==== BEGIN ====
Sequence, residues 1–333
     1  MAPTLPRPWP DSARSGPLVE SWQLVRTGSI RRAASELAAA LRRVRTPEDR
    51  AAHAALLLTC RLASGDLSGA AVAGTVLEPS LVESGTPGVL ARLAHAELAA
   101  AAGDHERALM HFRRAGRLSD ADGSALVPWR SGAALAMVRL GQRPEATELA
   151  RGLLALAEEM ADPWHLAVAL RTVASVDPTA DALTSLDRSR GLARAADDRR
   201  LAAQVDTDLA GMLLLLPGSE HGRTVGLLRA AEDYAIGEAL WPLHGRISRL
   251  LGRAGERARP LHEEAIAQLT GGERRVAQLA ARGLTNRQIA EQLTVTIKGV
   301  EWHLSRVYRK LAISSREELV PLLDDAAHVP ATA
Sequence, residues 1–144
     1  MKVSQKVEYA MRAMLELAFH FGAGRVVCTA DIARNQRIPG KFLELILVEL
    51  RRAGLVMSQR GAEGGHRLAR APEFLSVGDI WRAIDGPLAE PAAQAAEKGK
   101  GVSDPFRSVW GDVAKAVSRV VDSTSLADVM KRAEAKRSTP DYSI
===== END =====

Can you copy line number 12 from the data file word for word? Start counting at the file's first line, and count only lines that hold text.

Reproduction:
   101  GVSDPFRSVW GDVAKAVSRV VDSTSLADVM KRAEAKRSTP DYSI